3.3. Laboratory Findings

Laboratory tests are an imperative assessment when an abscess is suspected, but it is worth stressing that these can be delayed when a malignancy is the primary suspicion. Notwithstanding, in our review, only rarely did patients have a clear leukocytosis with neutrophilic predominance: in the majority of cases in which it was specified, the white blood cell count remained under 12 × 109/L [2,8,13,15,20,22]. Analogously, only a small increase in inflammatory markers was found in many patients [7,16,20].
From a microbiological point of view, it is interesting to note the wide range of bacteria isolated: different species of Streptococci, Staphylococci, and anaerobes were the most frequent, but in different associations, with many authors simply reporting a mixed oral flora or not able to identify the responsible pathogen [23]. In this regard, the report by Veloo et al. [14] has specific relevance: his group thoroughly studied a case of a lingual abscess using a wide panel of aerobe and anaerobe cultures and molecular techniques (e.g., FISH), with a surprising finding of 12 bacteria isolated from the purulent collection. The same paper (dated 2011) also provided a table with all the recent cases of oral abscesses from the literature with the culture results available: this review was in line with their case, documenting various and often miscellaneous bacterial isolations and some cases in which no microorganism growth was detected. Surprisingly, some authors did not report an attempt at bacterial isolation, but this could be attributable to both logistic difficulties or a negative result that was not specified in the publication [9,14,24].

3.4. Radiological Findings

The preferred radiological method was contrast-enhanced CT, consistently revealing a hypodense lesion with peripheral enhancement [11]. The reason for its more frequent use can be due to lower costs and wider availability even in peripheral centers and in an urgent setting. It is also worth stressing that the tissue swelling, especially if posterior, may lead to airway flow impairment in a supine position, hindering the feasibility of MRI, which requires a longer acquisition time [12].
Sonography was performed only in four cases [4,6,13,25], revealing a hypoechoic mass with a hyperechoic ring; its use can thus allow the concurrent image-guided aspiration of the purulent collection. Nonetheless, its difficult viability was emphasized, since the significant swelling frequently gives rise to severe pain when the sonograph is applied to the tissue. Furthermore, in the publication by Pallagatti et al. [7], sonography improperly suggested a hemangioma and a drainage was therefore initially avoided for fear of a hemorrhage.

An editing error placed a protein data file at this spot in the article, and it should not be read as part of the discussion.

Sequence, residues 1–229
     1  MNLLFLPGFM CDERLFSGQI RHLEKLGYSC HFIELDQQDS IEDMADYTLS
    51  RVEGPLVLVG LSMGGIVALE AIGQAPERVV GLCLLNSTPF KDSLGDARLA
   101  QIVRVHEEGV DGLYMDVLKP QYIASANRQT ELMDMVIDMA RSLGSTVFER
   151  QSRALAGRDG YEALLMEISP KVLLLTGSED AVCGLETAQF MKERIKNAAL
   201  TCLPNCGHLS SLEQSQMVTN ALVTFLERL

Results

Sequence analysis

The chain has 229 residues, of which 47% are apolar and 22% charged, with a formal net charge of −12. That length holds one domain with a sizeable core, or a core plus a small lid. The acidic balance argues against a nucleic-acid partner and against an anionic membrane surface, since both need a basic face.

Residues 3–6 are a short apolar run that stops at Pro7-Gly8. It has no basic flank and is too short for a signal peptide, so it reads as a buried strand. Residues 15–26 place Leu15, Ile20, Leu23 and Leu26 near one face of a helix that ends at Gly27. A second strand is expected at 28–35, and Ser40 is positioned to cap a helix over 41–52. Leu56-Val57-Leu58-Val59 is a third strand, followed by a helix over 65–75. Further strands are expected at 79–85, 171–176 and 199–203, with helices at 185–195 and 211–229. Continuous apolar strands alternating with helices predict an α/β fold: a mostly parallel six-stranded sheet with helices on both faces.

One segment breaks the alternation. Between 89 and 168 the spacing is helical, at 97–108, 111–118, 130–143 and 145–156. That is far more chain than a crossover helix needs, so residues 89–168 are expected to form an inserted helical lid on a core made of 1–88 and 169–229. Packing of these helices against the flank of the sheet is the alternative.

As previously mentioned, multiplanar and multiparametric MRI, despite its high intrinsic tissue contrast resolution, was the method of choice in only a minority of cases [6,26].

3.5. Management

The correct therapeutic management is obviously subject to prompt and correct diagnosis. Broad-spectrum empirical antibiotic therapy was introduced in all cases after suspicion of an infection: in most reports, it consisted of a highly effective penicillin/cephalosporin and an anaerobe-targeted drug (i.e., clindamycin or metronidazole), with the variable association of vancomycin or amikacin. A systemic corticosteroid was added in some cases to reduce tissue swelling [3,27]. Nonetheless, medical treatment alone was almost invariably insufficient for resolution of the purulent collection and a drainage was deemed necessary [18,28].
Different surgical procedures were performed: for an anterior abscess, both an open-field approach (also in an outpatient setting) and a needle aspiration were used; for a posterior localization, a surgical approach under general anesthesia was preferred, mainly due to greater concerns for airway patency [29]. The surgeon used a transoral or transcervical approach depending on the collection localization [10,27,29]. It is worth mentioning that some patients treated with needle drainage suffered early recurrence, requiring a subsequent open approach [23,27].
In two cases of a middle/posterior abscess, the lingual swelling was so significant that it hindered visualization of the vocal cords during nasofibroscopy, a fearsome condition for airway patency [4,17]. Their management was thus different: in one case, a videolaryngoscope was necessary for intubation, but after surgical drainage, a tracheostomy was deemed unnecessary [16]. In the other case, a tracheostomy under local anesthesia was preventively performed to allow for safe ventilation [15]. The concern for the airway patency led to the execution of a tracheostomy in the other four cases (one was described as emergent) [15,22,29]. The particular danger that is intrinsic to a posterior localization is made clear in the report by Schweigert et al. [1]: an unsuccessful intubation was attempted and the patient suffered irreversible cardiac arrest due to hypoxia during the tracheostomy.